Yehudi Wyner's Choral Masterpiece

Yehudi Wyner's Choral Masterpiece
© Michael Lovett
Fellow composers are already describing Yehudi Wyner's new piece for chorus and chamber orchestra Give Thanks for All Things as his masterpiece. This is a strong statement about a piece by a composer with many accolades to his credit, including the Pulitzer Prize in music. But the work, commissioned and premiered recently by the Cantata Singers, lives up to its reputation having received rave reviews in both the Boston Globe and Phoenix.

Mr. Wyner writes, "When David Hoose invited me to write a piece for the Cantata Singers I proposed a Comic Cantata. I thought I’d had enough of the high rhetoric of elevated sentiments, or moralistic parables, of passionate religious narratives, of confrontations with death and the hereafter. I searched in vain for a text, a scenario. I sought guidance from the fellowship of eminent living poets but nothing lit the fire of fun I was seeking. Finally I abandoned my original idea and turned to a slender sheaf of poems I’d been assembling over several years. Most were old: biblical psalms, Cato fragments, Shakespeare, Medieval Irish, but also Whitman and a recent psalm by Richard Wilbur. With the exception of the biblical psalms the texts were about death and grieving…the ultimate comedy?"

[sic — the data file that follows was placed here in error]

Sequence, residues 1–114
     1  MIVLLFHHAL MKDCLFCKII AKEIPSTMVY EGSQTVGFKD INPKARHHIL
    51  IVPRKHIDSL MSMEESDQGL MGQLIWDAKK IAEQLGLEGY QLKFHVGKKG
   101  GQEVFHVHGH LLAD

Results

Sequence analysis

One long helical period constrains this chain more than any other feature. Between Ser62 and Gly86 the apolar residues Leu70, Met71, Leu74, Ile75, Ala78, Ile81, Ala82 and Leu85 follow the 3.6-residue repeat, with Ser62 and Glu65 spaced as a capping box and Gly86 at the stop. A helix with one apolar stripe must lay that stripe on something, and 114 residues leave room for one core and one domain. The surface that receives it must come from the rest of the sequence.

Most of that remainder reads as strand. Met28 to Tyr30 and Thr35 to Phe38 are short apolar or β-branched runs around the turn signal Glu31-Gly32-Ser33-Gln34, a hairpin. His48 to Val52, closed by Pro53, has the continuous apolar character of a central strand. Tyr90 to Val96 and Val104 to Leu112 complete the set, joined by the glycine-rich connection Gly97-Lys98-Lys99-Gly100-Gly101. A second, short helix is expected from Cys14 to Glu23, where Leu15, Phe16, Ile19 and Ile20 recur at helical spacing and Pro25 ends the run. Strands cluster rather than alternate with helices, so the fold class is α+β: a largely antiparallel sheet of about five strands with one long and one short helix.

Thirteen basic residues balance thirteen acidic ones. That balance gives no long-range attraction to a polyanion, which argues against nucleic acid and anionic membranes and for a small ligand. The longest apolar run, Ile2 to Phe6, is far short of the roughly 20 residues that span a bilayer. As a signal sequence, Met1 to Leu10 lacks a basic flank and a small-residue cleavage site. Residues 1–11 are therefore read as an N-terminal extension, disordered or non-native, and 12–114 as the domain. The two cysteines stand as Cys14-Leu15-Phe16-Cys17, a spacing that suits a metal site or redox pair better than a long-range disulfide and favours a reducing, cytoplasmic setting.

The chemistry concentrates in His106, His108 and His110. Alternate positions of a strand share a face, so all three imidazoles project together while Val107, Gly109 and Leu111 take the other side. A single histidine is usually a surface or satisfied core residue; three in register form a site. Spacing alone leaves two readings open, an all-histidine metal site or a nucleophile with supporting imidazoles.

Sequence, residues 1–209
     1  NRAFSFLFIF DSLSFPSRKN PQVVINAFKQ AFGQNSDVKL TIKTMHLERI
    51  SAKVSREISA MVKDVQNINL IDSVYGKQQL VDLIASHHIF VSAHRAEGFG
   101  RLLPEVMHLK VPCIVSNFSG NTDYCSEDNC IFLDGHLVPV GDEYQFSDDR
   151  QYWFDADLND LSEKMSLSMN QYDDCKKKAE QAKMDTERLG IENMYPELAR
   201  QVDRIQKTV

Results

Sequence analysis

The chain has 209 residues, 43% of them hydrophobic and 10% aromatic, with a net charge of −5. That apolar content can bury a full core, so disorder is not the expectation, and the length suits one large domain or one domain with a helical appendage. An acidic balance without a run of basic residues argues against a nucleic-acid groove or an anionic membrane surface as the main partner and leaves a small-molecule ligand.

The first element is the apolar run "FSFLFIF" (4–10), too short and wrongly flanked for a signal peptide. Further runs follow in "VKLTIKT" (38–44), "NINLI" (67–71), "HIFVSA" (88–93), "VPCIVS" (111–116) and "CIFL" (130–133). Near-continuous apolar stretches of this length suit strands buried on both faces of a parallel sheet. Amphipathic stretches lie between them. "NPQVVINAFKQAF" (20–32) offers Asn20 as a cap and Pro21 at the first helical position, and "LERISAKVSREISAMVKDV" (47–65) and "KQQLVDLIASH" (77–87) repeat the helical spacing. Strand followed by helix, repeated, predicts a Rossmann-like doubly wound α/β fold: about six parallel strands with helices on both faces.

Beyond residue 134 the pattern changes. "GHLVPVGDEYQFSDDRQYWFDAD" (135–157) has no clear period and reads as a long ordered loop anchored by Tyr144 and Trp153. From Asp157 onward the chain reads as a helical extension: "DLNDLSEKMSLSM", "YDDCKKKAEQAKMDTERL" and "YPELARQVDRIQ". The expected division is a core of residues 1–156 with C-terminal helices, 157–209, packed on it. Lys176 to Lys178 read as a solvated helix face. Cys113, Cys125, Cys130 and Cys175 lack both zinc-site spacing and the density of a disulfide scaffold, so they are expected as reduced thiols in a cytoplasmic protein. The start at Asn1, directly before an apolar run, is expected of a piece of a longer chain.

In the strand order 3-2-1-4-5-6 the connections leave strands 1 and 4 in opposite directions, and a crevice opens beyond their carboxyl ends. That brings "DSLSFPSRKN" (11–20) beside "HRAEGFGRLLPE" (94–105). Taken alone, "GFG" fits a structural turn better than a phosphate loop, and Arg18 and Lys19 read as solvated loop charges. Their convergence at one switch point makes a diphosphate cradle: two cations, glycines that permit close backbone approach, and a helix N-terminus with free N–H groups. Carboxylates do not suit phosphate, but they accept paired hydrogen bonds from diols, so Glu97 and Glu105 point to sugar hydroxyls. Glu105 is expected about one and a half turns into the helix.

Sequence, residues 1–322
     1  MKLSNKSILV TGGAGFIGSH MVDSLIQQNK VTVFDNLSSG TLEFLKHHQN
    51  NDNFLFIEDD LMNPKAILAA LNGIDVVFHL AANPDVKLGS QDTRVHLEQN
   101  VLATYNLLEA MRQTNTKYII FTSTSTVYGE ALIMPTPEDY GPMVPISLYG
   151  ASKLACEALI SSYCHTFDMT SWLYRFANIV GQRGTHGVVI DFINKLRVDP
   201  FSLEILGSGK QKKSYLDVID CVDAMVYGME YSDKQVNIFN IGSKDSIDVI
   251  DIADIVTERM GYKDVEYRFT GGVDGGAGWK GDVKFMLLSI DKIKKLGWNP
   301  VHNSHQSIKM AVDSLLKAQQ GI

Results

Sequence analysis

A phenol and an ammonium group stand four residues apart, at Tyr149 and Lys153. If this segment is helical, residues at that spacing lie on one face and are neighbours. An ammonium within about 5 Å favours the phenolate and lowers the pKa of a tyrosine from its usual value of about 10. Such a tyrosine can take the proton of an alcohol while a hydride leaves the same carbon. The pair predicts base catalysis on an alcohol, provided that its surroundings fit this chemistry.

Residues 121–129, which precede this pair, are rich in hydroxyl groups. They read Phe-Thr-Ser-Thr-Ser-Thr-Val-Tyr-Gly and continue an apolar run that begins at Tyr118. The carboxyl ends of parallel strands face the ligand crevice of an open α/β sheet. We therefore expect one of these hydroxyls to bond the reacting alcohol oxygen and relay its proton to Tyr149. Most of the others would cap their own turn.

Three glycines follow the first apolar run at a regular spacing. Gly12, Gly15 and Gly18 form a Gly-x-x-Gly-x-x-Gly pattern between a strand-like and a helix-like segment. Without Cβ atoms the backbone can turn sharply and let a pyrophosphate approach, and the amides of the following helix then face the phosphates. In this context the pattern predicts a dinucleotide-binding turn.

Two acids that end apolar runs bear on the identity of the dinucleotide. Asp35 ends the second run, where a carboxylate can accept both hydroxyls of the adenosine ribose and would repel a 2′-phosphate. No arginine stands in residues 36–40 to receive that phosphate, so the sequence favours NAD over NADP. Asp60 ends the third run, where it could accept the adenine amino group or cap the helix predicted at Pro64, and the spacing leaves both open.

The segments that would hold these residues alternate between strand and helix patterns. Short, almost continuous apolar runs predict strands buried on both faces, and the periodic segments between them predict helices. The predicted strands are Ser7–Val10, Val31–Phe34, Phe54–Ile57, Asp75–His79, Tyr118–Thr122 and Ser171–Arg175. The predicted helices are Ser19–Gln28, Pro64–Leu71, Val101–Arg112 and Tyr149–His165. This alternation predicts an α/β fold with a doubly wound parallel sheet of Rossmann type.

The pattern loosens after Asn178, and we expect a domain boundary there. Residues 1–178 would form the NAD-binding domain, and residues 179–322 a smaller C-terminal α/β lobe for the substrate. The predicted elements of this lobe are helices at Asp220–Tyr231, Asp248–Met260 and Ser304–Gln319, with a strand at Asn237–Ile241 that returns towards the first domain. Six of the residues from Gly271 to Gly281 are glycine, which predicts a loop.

Clearly he was inspired by these texts. Mr. Wyner used as a refrain one prayer in particular that was set in an increasingly beautiful and emotionally gripping manner: "Dear Lord, be good to me. The sea is so wide, and my boat is so small." Jeremy Eichler of the Boston Globe describes the setting of the refrain well: "The first time the prayer appears the choral writing is fractured, a kind of fragile quivering music that is almost dispersed by a burst of pulsating brass. The setting captures the primal sense of awe, fear, and wonder one may feel before the vastness of the sea. But it is the prayer’s third and final return that is the most arresting, as Wyner clears out the chorus and the orchestra and assigns the text to a soprano soloist supported only by violins. The blend of treble sonorities lends a sense of weightlessness while the stripped-down elegance of the writing captures the core humility of the prayer. The lines float and weave around each other with a dark beauty, as if lit from within."

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